I liked the show a lot, but wasn’t attracted to Jon Hamm at all. In fact, the only person I find attractive is Joan. For a Joan-centric episode, definitely check out the one where Marilyn Monroe dies. I think it was Season 3.

  6. August 9, 2010 9:22 am

    I agree with you on pretty much all points — except regarding Jon Hamm… I find him quite watchable.

    Even so, I’ve been hooked. Maybe it’s because I was born into the era in which the series takes place, or maybe I just relate to the idea of dinosaurs lost in the paradigm shift.

    Anyway, I find it improves in season 2 and beyond (I’ve just started season 3). I like the fact that it’s flawed and yet still entertaining.

  7. nobigwhoopdawg permalink
    August 10, 2010 9:04 am

    This is timely for me, because I just finished catching up on Mad Men. I guess I wanted to see what all the fuss was about, but I think the show could have easily been called “Don Draper Is (Mostly) an Asshole.”

    I loved seeing non-skeletal women being fierce (ohgod Joan), I loved the fashion (I now have the urge to wear dresses, heels and nylons everywhere, even though I do not own any of these items currently), and I loved the decor/obsolete technology (I have a shiny black rotary phone that my husband doesn’t understand my attachment to).

    I’ll admit it took me forever to really get into the characters/story, and even then, it made me cringe a good amount of the time.

    We haven’t met, but I’m attached to your office supplies blog in an unhealthy way. Pens are my porn.

  8. August 11, 2010 8:33 am

    Mad Men is slow, slow, slow, no bones about it, and all these tiny tiny things happen along the way, then usually everything kicks up around episode 9-10 of the 13 episodes season. I’m not saying that to trick you into watching the show further, because I don’t mean to say it gets THAT awesome, but it does definitely improve beyond 60s art direction and anachronisms. It’s DEFINITELY no Six Feet Under, and I’m sorry you even though they could be related!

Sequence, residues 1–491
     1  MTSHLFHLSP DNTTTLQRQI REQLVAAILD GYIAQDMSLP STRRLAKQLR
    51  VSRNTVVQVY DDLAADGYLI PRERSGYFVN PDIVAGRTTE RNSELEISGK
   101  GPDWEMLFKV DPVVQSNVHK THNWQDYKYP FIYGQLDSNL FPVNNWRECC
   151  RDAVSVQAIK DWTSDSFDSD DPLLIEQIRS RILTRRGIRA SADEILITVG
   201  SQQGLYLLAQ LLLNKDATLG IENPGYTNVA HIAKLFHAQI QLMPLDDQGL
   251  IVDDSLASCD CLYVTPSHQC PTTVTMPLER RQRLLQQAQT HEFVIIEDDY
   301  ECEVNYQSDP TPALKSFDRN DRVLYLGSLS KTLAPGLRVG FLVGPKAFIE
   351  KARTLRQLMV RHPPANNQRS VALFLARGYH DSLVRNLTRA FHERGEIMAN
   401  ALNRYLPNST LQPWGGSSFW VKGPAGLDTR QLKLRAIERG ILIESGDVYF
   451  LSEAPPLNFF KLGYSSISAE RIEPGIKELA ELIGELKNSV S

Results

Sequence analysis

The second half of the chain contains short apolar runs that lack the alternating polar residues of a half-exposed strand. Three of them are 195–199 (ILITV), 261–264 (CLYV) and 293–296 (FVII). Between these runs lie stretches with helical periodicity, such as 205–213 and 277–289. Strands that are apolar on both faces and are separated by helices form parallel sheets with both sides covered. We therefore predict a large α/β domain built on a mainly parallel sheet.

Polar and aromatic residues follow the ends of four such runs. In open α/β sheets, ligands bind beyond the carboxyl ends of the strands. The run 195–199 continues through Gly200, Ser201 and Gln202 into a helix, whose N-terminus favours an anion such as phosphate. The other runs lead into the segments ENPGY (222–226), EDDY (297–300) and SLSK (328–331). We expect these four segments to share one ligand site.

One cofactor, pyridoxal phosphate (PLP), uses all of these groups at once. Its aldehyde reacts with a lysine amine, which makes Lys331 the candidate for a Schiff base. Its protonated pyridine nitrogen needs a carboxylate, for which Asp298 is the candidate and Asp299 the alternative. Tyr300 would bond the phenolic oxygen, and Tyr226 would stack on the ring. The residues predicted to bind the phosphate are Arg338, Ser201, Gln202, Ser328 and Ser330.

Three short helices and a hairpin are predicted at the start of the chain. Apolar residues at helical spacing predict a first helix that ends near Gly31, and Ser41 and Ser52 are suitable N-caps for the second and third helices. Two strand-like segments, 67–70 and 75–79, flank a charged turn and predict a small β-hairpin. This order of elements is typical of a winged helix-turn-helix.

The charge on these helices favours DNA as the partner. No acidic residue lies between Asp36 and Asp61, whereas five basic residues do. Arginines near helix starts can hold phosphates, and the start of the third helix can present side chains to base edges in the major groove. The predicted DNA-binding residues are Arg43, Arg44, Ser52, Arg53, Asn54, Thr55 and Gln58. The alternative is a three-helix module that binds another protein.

I find Don Draper compelling to watch, but I’m not swoony for him. I personally connect to Peggy too, because while I love Joan and want to be/fuck her, the reality is my inner self has much more in common with her dowdy insecure fumbling ways. Though I think I’d figure out I was pregnant before giving birth — yes, season one ends with her on the bathroom floor and finally putting together what the weight gain was about. Guess it was another one of those surprising episodes of “I Didn’t Know I Was Pregnant!”

  9. August 11, 2010 8:36 am

    I also have a theory that this show is resonating with so many of a certain age bracket (white) people because it is helping them/us understand their parents more. My father was army, but my mom was in the secretarial pool of the phone company in the mid to late 60s.

  10. hsofia permalink
    August 11, 2010 4:43 pm

    Raymondj – I have heard many, many people say this. I’m not of that generation, but I did feel like I was getting some insight into the childhoods of some of my older, white friends whose families desperately tried to be the Cleavers. This may sound unnecessary but keep in mind that I went to an elementary school that had FOUR white kids in it (two sets of siblings), and I didn’t befriend any mainstream WASP types until I was in my late, late teens.

  11. Citizen Taqueau permalink
    August 16, 2010 11:20 am

    raymondj, I think you’re onto it — Mad Men mania is directly tied to upper middle-class WASP Gen. X’ers quietly freaking out about their parents’ impending mortality. Gen X’ers also love watching the shamelessly rampant abuse of cigarettes and liquor.

Leave a Reply

Fill in your details below or click an icon to log in: Logo

You are commenting using your account. Log Out /  Change )

Google+ photo

You are commenting using your Google+ account. Log Out /  Change )

Twitter picture

You are commenting using your Twitter account. Log Out /  Change )

Facebook photo

You are commenting using your Facebook account. Log Out /  Change )


Connecting to %s

%d bloggers like this: